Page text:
We borrowed the money from Comvest to expand and launch some new sites, and company finances started to go in the wrong direction, despite the continued success of our core e-retail business. Karmaloop staff undertook a herculean effort to right the ship, and we cut costs and shed sister businesses - it was painful, but we did it. Comvest, about a year into the loan, began to increasingly interfere and exert pressure (keep in mind that even during our financial distress, Karmaloop never missed a monthly payment to Comvest).
I, during this time of increased hostility and interference, negotiated actively with several potential equity investors and/or acquirers for Karmaloop, but Comvest was checking and blocking me every which way ... it seemed as though they didn't want their loan repaid (from the proceeds of those potential deals), but wanted instead to hobble the company enough that we'd have no choice but to file for bankruptcy, upon which they could swoop in and take the entire company. Welcome to the wild world of loan-to-own venture lending. Again so there is no confusion, I need to draw a distinction between venture lending and venture capital - two dramatically different animals (VCs want the business to succeed and sell, not to falter and subsume it like the loan to own strategies of some venture lenders).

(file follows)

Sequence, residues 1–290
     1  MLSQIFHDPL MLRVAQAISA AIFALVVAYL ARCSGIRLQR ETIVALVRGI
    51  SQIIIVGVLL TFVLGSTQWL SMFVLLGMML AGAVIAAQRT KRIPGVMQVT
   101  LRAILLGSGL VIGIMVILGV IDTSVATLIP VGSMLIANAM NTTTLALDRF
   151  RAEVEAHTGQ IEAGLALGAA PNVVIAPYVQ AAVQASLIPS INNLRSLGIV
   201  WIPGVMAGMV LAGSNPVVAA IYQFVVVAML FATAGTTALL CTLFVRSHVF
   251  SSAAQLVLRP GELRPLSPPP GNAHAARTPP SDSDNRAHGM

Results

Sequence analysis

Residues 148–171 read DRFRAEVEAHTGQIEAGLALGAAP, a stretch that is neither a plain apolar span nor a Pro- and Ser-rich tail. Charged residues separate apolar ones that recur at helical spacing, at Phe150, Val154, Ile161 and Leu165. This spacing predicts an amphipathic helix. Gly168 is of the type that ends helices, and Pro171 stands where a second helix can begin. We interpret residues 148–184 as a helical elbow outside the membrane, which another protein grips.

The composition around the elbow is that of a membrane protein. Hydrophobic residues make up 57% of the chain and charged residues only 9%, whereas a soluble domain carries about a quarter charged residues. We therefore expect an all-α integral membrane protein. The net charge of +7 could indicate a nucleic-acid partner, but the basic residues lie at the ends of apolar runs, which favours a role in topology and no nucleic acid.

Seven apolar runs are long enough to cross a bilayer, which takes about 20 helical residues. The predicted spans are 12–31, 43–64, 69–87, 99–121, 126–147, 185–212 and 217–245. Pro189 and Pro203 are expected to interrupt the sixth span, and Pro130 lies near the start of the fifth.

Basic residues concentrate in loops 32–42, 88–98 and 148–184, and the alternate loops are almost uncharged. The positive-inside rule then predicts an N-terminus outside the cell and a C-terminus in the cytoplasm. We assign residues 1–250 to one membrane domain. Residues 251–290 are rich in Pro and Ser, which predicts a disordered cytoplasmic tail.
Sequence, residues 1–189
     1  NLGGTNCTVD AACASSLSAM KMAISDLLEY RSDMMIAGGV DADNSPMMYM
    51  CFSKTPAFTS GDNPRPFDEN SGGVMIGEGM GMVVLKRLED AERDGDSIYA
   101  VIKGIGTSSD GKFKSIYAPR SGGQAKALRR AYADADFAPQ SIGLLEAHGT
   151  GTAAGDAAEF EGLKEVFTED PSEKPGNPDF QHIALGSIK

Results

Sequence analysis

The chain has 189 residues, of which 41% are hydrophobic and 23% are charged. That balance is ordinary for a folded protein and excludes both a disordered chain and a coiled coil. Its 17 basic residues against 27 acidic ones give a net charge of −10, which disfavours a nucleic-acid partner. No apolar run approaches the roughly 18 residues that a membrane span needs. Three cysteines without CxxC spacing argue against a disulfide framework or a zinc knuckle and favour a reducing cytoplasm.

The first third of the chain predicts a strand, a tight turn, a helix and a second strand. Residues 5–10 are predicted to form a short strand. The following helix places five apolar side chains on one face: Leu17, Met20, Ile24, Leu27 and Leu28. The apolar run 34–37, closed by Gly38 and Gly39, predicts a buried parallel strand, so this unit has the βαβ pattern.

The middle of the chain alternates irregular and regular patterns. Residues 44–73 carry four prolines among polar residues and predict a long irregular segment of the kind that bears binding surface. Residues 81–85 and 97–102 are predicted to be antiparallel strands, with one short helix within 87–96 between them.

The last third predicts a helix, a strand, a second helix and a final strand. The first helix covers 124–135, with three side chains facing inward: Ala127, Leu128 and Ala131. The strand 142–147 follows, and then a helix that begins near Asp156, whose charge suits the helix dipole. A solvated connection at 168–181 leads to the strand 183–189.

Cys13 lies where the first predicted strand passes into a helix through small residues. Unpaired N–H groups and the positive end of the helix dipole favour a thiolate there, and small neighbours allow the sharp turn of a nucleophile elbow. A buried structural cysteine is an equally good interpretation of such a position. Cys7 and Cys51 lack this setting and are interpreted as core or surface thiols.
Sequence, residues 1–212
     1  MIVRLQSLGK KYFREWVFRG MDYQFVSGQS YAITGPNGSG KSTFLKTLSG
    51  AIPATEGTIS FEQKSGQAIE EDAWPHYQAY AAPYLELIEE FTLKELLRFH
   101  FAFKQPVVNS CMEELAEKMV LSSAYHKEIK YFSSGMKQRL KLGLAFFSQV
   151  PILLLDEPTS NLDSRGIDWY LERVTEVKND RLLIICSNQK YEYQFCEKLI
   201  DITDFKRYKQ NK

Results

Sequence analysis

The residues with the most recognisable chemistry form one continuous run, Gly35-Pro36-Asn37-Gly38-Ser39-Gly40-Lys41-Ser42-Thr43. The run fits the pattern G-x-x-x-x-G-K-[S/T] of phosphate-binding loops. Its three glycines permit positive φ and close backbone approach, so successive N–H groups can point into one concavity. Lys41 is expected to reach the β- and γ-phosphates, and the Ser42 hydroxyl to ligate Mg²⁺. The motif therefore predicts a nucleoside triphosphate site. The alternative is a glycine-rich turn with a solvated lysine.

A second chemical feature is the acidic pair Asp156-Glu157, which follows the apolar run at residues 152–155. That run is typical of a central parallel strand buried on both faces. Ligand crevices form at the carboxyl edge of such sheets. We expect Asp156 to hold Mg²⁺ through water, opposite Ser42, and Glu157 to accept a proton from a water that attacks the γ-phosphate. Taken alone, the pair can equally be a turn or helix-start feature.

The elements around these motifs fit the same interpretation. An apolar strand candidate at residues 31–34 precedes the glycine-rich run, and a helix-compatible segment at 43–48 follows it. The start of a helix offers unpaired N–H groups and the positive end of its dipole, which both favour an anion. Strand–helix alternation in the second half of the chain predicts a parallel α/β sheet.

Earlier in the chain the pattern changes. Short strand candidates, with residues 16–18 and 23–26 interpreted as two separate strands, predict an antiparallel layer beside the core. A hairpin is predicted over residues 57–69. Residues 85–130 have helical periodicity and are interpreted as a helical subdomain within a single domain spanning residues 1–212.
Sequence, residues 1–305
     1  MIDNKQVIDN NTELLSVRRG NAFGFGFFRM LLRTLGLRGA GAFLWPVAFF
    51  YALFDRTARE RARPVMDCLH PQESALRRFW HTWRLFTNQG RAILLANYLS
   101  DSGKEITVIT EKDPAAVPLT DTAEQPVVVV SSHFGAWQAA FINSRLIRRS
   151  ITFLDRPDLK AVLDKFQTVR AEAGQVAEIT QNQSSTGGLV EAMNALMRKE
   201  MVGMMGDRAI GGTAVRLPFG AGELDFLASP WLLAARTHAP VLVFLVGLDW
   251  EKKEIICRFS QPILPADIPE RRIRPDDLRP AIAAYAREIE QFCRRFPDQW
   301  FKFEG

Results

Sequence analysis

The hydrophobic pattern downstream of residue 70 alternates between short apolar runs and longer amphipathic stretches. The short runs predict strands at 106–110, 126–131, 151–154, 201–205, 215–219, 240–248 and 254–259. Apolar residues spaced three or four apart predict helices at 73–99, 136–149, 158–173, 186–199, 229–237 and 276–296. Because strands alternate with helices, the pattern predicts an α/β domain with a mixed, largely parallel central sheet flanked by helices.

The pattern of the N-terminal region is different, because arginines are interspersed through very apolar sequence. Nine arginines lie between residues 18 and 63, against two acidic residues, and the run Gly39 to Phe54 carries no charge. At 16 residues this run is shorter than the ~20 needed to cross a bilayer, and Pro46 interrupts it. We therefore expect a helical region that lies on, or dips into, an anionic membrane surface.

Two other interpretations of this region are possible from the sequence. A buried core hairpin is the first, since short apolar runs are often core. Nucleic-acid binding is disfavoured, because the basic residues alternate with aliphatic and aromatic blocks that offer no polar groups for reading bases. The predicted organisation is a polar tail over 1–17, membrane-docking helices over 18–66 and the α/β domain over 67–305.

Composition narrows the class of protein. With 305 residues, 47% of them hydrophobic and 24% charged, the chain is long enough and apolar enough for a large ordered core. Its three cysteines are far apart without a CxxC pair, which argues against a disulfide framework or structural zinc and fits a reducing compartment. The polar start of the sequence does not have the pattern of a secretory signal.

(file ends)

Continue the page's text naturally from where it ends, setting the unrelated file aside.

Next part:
With Comvest, it became clear that I had a powerful adversary on the inside, and I frantically tried to stop what was quickly becoming a runaway train. In an effort to prevent the looming takeover of my company, not only did I put every penny I had back into my company, but I also leveraged myself to the hilt to borrow money to put into it (btw, this was not very wise). As my money went in, Comvest blocked other capital sources, jacked up fees, interfered wherever possible (among other things, they inserted an incredibly destructive and incompetent full-time advisor, and they simply delayed and dragged when time was of the essence).